Dismiss Notice
Join Physics Forums Today!
The friendliest, high quality science and math community on the planet! Everyone who loves science is here!

Homework Help: Find all complex roots of polynomial

  1. Sep 30, 2011 #1

    DryRun

    User Avatar
    Gold Member

    The problem statement, all variables and given/known data
    Given 2 + 3i is one root of the equation:
    x^4 - 6x^3 + 26x^2 -46x +65 = 0
    Find the remaining roots.

    The attempt at a solution
    I am thinking about this as a possible solution although it is too long to be plausible, unless i'm wrong.
    let x = a + bi and then replace in the polynomial. Then, expand and finally, divide it by 2+3i

    Another possibility (i'm not sure) is this:
    x (x^3 - 6x^2 + 26x -46) +65 = 0
    So, i try to solve the cubic equation: x^3 - 6x^2 + 26x -46
    However, note that one solution to x, is not equal to -65. So, this method is wrong, i believe.

    I frankly don't know how else to go about to solve this one.
     
  2. jcsd
  3. Sep 30, 2011 #2

    SteamKing

    User Avatar
    Staff Emeritus
    Science Advisor
    Homework Helper

    What other property about complex roots do you know? (Hint: they always come in pairs)
     
  4. Sep 30, 2011 #3

    DryRun

    User Avatar
    Gold Member

    So, 2-3i is also a root? How do i confirm that? By replacing in the polynomial, it should equal zero, right?

    But what about the other roots? Since the maximum power of x is 4, so i assume that there are 4 roots in all.
     
  5. Sep 30, 2011 #4

    DryRun

    User Avatar
    Gold Member

    I still can't figure it out. Can someone please give me a hint?
     
  6. Sep 30, 2011 #5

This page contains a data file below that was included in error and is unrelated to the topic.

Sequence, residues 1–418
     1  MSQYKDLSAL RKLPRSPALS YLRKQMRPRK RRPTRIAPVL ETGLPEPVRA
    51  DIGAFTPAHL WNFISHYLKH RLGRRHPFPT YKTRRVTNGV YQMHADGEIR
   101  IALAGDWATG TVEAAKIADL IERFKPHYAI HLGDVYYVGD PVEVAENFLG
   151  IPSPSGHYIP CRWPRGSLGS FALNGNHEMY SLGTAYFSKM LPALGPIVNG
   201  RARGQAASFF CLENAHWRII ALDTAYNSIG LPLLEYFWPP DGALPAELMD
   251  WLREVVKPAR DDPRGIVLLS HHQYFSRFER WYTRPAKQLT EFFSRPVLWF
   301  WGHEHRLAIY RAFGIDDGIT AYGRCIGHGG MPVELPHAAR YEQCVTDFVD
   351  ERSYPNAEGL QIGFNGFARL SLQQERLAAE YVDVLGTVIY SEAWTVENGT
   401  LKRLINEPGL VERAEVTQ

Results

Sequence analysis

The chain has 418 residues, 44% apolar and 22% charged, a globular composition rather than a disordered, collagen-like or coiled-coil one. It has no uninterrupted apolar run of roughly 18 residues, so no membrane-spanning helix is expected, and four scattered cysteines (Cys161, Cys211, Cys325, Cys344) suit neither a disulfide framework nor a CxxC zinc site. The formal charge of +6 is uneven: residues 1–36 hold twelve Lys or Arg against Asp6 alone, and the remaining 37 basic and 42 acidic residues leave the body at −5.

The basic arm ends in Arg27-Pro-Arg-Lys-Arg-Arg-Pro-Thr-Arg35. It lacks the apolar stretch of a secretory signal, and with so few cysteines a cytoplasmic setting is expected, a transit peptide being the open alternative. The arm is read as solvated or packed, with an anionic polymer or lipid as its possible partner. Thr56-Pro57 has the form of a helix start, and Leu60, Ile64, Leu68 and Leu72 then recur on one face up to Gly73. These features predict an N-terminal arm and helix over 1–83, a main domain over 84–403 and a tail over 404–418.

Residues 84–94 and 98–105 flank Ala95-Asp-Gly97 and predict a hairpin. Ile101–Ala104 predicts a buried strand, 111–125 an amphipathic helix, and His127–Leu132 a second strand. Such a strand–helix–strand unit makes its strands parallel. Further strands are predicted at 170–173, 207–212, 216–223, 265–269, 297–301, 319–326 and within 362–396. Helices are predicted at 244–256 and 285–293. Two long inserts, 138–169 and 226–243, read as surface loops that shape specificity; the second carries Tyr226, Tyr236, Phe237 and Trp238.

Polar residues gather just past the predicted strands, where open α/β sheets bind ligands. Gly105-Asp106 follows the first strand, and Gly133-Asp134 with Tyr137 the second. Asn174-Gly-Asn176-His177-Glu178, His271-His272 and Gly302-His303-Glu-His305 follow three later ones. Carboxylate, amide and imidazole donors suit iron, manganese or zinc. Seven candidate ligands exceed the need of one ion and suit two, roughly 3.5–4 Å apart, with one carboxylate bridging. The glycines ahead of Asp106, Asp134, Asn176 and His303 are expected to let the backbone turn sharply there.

LCKurtz

    User Avatar
    Science Advisor
    Homework Helper
    Gold Member

    If you have two roots p and q, then (x-p)(x-q) is a factor. Use long division to divide out that factor and see what's left.
     
  7. Sep 30, 2011 #6

    SammyS

    User Avatar
    Staff Emeritus
    Science Advisor
    Homework Helper
    Gold Member

    Notice that when p & q are complex conjugates, (x-p)(x-q) can be written as a sum times a difference which comes out quite nicely as a difference of squares.

    (x - (2-3i))(x - (2+3i)) = ((x-2) + 3i)((x-2) - 3i) = ...
     
  8. Sep 30, 2011 #7

    DryRun

    User Avatar
    Gold Member

    OK, here is what i did:
    The two known factors are: (2+3i) and (2-3i)
    So, the product is: (2+3i)(2-3i) = x^2 - 4x + 13

    Using this product as divisor and the polynomial as dividend, i get this:
    x^2 - 2x + 5
    OK, i got it. Thanks guys. :)
     
  9. Sep 30, 2011 #8

    SammyS

    User Avatar
    Staff Emeritus
    Science Advisor
    Homework Helper
    Gold Member

    So, what are the two remaining roots?
     
  10. Sep 30, 2011 #9

    DryRun

    User Avatar
    Gold Member

    Initially, i did it like this:
    x(x-2) = -5
    So x = -5 and x = -3
    But then i don't know why but these answers are wrong (from the book).

    So, i used quadratic formula
    and i got these: 1-2i, 1+2i, which are correct from the book.

    But again, i don't understand why i can't use the first set of simpler roots; -5 and -3.
     
  11. Sep 30, 2011 #10

    SammyS

    User Avatar
    Staff Emeritus
    Science Advisor
    Homework Helper
    Gold Member

    You can't use -5 & -3 because they're not solutions of x(x-2) = -5. Plug them in to see that.
     
  12. Sep 30, 2011 #11

    HallsofIvy

    User Avatar
    Science Advisor

    Basic rule: If ab= 0 then either a= 0 or b= 0. But that is a special property of 0. You cannot say "if ab= -5 then either a= -5 or b= -5" which is what you were trying to do.
     
  13. Oct 1, 2011 #12

    DryRun

    User Avatar
    Gold Member

    I think i have this one wrapped up. Thanks for the help. :)
     
Share this great discussion with others via Reddit, Google+, Twitter, or Facebook